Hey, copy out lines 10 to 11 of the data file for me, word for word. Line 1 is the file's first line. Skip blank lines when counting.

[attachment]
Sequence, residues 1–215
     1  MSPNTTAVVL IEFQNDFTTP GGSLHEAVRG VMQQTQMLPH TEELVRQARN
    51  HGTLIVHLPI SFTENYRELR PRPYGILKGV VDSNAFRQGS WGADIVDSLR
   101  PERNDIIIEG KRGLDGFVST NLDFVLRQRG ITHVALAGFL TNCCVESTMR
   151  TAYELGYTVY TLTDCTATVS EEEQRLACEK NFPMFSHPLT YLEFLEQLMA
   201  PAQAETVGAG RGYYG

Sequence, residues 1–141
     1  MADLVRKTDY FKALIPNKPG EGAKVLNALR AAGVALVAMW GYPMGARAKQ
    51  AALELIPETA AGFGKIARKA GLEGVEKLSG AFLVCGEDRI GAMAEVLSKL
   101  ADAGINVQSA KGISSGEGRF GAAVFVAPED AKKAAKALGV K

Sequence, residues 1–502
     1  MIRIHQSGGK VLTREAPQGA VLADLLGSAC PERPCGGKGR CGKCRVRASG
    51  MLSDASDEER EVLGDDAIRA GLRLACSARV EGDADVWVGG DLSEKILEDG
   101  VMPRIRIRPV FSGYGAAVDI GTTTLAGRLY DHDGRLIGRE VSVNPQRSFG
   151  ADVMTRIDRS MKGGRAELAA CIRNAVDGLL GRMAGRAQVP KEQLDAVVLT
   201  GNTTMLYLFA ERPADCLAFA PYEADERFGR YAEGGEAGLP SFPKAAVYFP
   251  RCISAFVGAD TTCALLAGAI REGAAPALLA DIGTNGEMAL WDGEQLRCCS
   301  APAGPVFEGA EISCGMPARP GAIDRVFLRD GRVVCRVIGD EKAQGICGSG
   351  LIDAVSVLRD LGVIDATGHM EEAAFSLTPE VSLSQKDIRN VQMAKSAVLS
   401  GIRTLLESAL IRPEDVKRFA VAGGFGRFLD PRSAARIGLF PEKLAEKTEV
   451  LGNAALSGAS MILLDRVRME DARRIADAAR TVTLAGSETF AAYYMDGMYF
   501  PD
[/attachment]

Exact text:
   101  ADAGINVQSA KGISSGEGRF GAAVFVAPED AKKAAKALGV K

Sequence, residues 1–502